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WFD Interview with Peggy Fielding
by Michele Rader
She raises her right hand and says, "If you do
exactly what I tell you to do, youll sell your first article before the end of
this class is finished." Peggy Fielding smiles after making this promise but she
means what she say... and the students who follow her instructions exactly do
begin to sell their work.
Peggy loves to teach. It shows by the way she
helps and encourages her students and fellow writers alike. She began her
teaching career in Japan, Cuba and the Philippines teaching first grade
children. When she returned to the United States she turned to writing. Living
in the back room of her mothers house, she was determined to become a
successful writer. There she pounded out her first articles on a manual
typewriter. Her vow was to become published in every field. True to her word,
her first two articles that sold were one to an astrology magazine, the other to
a Sunday School paper. Since then, she has sold short stories, nonfiction books,
novels and countless articles. Her persistence and drive have earned her a
respectable living. Peggy is a staff writer for Trends Publication in
Tulsa, OK, runs a small publishing company from her home, speaks at writers
workshops across the country and is a teacher at Tulsa Community College.
WFD: You have built a successful career as a
writer. What made you decide to go back to teaching?
Peggy: When I started out writing I did
everything wrong. Then I became involved with the Tulsa Nightwriter's group and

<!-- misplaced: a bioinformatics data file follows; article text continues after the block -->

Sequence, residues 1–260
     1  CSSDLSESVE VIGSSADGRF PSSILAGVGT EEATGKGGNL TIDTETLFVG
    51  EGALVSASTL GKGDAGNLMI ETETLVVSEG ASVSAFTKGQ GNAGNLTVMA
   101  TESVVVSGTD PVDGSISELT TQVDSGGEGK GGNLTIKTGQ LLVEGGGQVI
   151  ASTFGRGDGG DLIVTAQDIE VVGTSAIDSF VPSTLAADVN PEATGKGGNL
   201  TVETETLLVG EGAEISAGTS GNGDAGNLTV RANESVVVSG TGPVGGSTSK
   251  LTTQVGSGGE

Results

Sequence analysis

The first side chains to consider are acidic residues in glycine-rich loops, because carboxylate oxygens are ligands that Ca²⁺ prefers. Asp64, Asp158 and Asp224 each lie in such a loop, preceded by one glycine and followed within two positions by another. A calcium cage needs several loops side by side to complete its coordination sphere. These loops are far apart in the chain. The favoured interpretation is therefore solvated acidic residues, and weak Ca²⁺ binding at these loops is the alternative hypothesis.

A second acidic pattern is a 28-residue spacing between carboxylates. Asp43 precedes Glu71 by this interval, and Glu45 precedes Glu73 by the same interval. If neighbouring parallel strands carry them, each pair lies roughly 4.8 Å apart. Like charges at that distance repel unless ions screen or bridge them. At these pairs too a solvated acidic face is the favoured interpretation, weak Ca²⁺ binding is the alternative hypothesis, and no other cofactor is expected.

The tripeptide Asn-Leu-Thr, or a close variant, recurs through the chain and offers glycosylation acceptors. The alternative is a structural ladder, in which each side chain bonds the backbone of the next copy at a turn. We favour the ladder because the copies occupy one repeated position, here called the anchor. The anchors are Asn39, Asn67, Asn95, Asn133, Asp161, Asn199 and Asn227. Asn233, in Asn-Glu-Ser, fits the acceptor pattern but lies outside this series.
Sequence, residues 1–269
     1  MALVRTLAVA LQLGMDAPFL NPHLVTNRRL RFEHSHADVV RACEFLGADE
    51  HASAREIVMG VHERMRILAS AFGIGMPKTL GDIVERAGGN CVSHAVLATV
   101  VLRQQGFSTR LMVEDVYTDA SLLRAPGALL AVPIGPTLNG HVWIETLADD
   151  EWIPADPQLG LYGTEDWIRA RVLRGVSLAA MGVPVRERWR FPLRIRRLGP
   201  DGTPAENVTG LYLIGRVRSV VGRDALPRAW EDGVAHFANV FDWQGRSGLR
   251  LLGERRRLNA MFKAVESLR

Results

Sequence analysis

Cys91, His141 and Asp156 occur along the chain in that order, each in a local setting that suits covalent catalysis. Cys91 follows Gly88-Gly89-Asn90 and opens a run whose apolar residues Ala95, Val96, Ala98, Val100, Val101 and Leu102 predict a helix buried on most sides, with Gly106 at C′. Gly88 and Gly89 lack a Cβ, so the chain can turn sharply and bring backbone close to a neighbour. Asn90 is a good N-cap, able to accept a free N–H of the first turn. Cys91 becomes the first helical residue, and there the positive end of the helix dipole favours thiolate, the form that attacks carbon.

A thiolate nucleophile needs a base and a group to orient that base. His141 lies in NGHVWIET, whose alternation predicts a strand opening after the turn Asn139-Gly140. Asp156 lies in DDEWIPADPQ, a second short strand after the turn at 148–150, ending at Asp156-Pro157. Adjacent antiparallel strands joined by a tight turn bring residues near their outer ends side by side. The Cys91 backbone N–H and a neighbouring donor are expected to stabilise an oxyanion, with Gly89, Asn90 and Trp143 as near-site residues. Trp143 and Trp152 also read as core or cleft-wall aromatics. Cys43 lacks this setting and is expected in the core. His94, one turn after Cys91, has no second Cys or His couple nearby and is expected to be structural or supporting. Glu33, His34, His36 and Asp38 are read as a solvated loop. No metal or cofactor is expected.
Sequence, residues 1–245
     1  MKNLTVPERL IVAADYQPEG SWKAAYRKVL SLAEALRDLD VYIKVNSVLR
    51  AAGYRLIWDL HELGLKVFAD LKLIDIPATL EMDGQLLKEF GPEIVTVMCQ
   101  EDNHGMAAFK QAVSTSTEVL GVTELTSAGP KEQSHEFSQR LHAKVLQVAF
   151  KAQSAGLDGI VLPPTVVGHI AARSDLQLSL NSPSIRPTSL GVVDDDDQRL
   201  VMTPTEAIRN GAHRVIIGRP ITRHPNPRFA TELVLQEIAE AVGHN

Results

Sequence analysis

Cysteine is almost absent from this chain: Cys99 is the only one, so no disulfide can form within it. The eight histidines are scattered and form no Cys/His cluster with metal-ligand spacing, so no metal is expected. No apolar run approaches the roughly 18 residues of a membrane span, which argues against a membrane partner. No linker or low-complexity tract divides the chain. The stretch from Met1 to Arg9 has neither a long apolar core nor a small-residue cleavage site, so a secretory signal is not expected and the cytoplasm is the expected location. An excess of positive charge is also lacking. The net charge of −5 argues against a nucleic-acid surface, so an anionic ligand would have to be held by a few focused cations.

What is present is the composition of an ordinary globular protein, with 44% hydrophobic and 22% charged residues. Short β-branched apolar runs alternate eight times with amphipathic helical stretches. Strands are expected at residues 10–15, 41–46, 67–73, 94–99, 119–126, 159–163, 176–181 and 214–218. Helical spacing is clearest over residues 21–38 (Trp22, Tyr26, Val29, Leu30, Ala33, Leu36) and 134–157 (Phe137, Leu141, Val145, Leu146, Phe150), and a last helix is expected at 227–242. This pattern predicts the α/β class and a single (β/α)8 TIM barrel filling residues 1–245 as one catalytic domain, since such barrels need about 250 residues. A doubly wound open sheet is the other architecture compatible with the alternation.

knew I could help my fellow writers so they wouldnt repeat my mistakes.
Also, I inquired at TCC about a teaching job.
They wanted me to begin the following day so I jumped right in. I enjoy watching
people succeed and I continue to learn from my students.
WFD: How many successful writers have you
started down the path?
Peggy: Hundreds of my students have been
published over the years. Deborah Camp has had 45 novels published, Linda
Christie has had 12 nonfiction books published, and even Dan Case, editor of
Writing For DOLLARS!, was a former student of mine. I have a bookcase
with over 250 books given to me by my former students. That doesnt include the
thousands of articles and stories they have had published!
WFD: You have taught classes from Writing and
Selling Magazine Articles to Short Stories to Confessions. What are some of the
things you teach your students?
Peggy: First, they need to be able to write a
complete sentence in English. Youd be surprised by how many people cant do
that! If you need to, take an English class. Second, rejection is part of the
job. Dont take it personally. I just think, "What do they know?" and send it to
another publisher. Third, you have to write every single day. When I decided to
become a selling writer, I made a resolution that nearly killed me. I had to
send something out every single day, whether it was a query or a short story,
something, 7 days a week. That is what made it possible for me.
WFD: With all the subjects that you cover, what
do you like to write about the most?
Peggy: Whatever someone is paying me for!
Actually, I like to write fiction but everything is interesting to me. The
problem though with writing in every field is that Im a complete unknown! Ive
sold 5 non-fiction books, 2 novels, 1 in the inspirational field, 1 romance
novel and tons of business and technical articles. If I had specialized, it
would have been easier to sell my work. The editors dont know me since each
project is always something different. Otherwise, I could maybe call them and
say, "I have another book Id like you to see."
WFD: What essential advice would you give to
someone determined to become a full-time writer?
Peggy: It takes 8 hours a day, every day, just
like any other job. You cant become a doctor or a lawyer if you only work a few
hours a day. Writing is no different. Be sure you have 6 months worth of money
banked to support yourself so you can plunge right in.
Peggy has just sold another non-fiction book
called BARBARA, the biography of a UFO investigator. Her next book will
THINGS TO SAY TO YOUR KIDS for Prentice
© Copyright 1999, Michele Rader
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